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Centre may allow foreign investors in LIC’s IPO but Chinese investors will be blocked

Centre may allow foreign investors in LIC’s IPO but Chinese investors will be blocked
The Indian government is likely to allow foreign institutional investors to buy up to 20% of state-owned Life Insurance Corporation’s IPO.

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Centre may allow foreign investors in LIC’s IPO but Chinese investors will be blocked

The Indian government is likely to allow foreign institutional investors to buy up to 20% of state-owned Life Insurance Corporation’s IPO, but Chinese investors will be blocked from buying shares, says a government source. LIC’s listing is set to be India’s biggest ever initial public offering, with the government aiming to raise up to $12.2 billion from its stake sale.

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The source told Reuters that it cannot be business with usual with China after the border clashes. “The trust deficit has significantly widened.” He highlighted that Chinese investment in companies like LIC could pose risks.

Political tensions between India and China accelerated in 2020 after their soldiers clashed on the disputed Himalayan border and since then, New Delhi has sought to limit Chinese investment in sensitive companies and sectors, banned a raft of Chinese mobile apps and subjected imports of Chinese goods to extra scrutiny.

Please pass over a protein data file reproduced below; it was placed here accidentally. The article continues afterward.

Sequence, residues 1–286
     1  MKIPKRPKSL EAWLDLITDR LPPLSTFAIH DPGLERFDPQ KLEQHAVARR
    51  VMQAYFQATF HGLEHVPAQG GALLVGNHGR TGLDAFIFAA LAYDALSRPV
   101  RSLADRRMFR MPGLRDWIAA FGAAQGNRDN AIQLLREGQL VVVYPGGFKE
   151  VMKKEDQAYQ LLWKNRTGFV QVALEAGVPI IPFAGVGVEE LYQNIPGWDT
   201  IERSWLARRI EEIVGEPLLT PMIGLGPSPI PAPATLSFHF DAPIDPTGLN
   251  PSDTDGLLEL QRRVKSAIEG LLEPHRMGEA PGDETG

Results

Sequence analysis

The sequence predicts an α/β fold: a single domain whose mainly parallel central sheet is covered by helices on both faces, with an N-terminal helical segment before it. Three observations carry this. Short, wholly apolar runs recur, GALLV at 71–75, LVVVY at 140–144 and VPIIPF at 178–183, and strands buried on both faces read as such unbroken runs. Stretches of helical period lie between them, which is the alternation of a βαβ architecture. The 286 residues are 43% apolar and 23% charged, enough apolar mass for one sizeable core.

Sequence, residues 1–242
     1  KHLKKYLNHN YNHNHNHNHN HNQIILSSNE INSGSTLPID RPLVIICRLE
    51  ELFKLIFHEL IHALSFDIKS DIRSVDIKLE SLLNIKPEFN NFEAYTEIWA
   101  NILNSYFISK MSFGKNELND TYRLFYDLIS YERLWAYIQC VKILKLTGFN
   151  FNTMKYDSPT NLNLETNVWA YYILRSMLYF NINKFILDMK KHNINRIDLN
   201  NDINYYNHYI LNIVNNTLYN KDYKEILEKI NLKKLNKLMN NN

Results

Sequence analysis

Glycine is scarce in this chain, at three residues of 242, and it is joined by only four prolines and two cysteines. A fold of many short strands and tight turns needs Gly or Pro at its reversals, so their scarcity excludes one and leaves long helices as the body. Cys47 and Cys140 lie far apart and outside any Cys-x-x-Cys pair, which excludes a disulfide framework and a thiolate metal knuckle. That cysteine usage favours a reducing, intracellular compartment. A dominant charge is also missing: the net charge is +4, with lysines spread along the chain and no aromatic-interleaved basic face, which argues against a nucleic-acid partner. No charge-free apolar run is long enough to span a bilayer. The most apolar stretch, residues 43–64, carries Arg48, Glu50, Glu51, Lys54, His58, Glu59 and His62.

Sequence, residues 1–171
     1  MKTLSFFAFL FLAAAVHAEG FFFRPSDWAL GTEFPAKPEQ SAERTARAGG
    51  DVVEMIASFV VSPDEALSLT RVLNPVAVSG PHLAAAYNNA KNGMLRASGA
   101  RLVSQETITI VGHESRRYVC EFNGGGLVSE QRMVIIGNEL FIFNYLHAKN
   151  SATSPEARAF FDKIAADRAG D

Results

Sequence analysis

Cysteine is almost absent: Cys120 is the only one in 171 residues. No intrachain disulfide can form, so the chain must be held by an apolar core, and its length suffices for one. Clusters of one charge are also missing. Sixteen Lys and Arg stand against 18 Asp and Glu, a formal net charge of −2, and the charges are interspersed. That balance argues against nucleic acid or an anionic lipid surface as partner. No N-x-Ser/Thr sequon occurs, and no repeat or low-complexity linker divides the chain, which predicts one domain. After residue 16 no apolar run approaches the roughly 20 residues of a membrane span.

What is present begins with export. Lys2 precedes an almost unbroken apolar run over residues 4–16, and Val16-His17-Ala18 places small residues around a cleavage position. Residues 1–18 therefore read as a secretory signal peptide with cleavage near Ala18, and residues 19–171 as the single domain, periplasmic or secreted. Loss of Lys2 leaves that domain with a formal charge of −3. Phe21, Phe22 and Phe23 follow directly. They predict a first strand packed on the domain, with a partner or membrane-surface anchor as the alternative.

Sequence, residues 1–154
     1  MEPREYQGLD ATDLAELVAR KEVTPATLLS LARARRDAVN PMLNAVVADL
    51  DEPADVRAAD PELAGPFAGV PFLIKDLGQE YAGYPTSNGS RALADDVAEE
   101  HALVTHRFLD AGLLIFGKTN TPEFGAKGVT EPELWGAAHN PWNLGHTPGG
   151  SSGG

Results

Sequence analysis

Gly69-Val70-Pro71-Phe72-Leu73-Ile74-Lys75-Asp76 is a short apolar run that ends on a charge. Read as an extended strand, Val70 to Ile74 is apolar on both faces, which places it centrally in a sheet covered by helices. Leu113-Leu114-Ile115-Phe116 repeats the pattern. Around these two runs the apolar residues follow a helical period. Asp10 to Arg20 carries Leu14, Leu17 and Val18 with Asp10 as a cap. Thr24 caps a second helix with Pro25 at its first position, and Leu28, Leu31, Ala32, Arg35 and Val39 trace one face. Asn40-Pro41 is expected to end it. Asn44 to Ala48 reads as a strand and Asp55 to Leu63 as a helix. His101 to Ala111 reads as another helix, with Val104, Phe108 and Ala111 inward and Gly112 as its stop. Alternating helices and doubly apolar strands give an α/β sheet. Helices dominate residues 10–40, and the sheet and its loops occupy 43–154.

Sources believe options to prevent Chinese investment in LIC include amending the current law on foreign direct investment (FDI) with a clause that relates to LIC or creating a new law specific to LIC. They told Reuters that the Indian government was conscious of the difficult in checking on Chinese investments that could come indirectly and would attempt to craft a policy that would protect India’s security but not deter overseas investors. And a third option includes barring Chinese investors from becoming cornerstone investors in IPO.

The government is hoping to raise Rs 900 billion through selling 5% to 10% of LIC this financial year which ends in March. However, the government is yet to decide whether it will sell one tranche of shares seeking to raise the full amount or choose to seek the funds in two tranches.


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It should be noted that while foreign institutional investors are allowed to hold up to 74% of private insurance companies and up to 20% of state-owned banks, they are not permitted to own share in LIC. According to ToI, enabling this would allow foreign pension funds, insurance companies and mutual funds to participate in the IPO of India’s largest life insurer.

Moreover, the government is very much keen to complete the listing this financial year to help with budgetary constraints and late last month selected 10 merchant banks out of the 16 that had bid to kick-start the process.


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